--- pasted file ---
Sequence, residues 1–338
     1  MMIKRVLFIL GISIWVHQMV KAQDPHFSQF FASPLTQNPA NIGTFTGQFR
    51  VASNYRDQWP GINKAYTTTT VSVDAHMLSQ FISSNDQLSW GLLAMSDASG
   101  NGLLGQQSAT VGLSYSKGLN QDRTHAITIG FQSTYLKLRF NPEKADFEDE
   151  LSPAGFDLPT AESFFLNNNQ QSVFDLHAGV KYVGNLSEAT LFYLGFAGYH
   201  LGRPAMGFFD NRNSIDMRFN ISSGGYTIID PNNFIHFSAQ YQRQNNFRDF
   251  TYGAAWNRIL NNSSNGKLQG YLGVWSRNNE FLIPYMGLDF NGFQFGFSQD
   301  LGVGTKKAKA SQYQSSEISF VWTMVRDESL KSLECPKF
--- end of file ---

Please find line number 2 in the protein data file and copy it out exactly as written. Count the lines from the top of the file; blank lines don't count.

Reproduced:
     1  MMIKRVLFIL GISIWVHQMV KAQDPHFSQF FASPLTQNPA NIGTFTGQFR